using System.ComponentModel;
using System.Data;
using System.Drawing;
using System.Linq;
using System.Text;
using System.Threading.Tasks;
using System.Windows.Forms;
namespace WoohooWinform
public partial class Form1 : Form
public Form1()
private void button1_Click(object sender, EventArgs e)
// Find File Path to Main Directory (Contains Main Program and Additional Files)
string pathToDirectory = System.IO.Path.GetDirectoryName(System.Windows.Forms.Application.ExecutablePath);
// Create SoundPlayer Object Which Will Play Our WAV File
System.Media.SoundPlayer player = new System.Media.SoundPlayer();
// Tell The SoundPlayer Object Where Our WAV File is Located
player.SoundLocation = pathToDirectory + @"\woohoo.wav";
// Say Woohoo!
private void label1_Click(object sender, EventArgs e)
private void Form1_Load(object sender, EventArgs e)
view raw woohoo.cs hosted with ❤ by GitHub

Cordova Screen Orientation (Lock) Plugin Not Working

This dev tip is brought to you by the developer of MoneyPhone: Personal Expense Tracking for Android and iOS. Consistently spend less than you earn each month and get your finances under control when you start monitoring your expenses with MoneyPhone!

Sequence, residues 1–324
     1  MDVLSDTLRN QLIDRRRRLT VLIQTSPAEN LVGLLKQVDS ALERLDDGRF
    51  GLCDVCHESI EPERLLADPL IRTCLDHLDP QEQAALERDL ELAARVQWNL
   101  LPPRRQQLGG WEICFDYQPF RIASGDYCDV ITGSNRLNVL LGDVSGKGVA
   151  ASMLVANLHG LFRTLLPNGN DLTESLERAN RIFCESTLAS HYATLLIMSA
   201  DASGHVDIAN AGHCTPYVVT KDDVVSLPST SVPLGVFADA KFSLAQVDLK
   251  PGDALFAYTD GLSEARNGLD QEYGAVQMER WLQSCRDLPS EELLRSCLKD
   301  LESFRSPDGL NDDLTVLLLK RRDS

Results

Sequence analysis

If you find yourself struggling to get the Apache Cordova screen orientation lock plugin to work, the problem is most likely that you are calling the .lock() method before the ‘deviceready’ event has fired. To fix this problem, simply create a call back function containing your .lock() method call, then pass this callback function as an argument to the deviceready event listener like so =>

First, make sure to install the screen orientation plugin for apache cordova

$ cordova plugin add cordova-plugin-screen-orientation

Then, rewrite your code to look something like this…

// Lock Device Orientation
function lockDeviceOrientationCallback() {
// set to either landscape
console.log("locking device orientation...");
document.addEventListener("deviceready", lockDeviceOrientationCallback, false);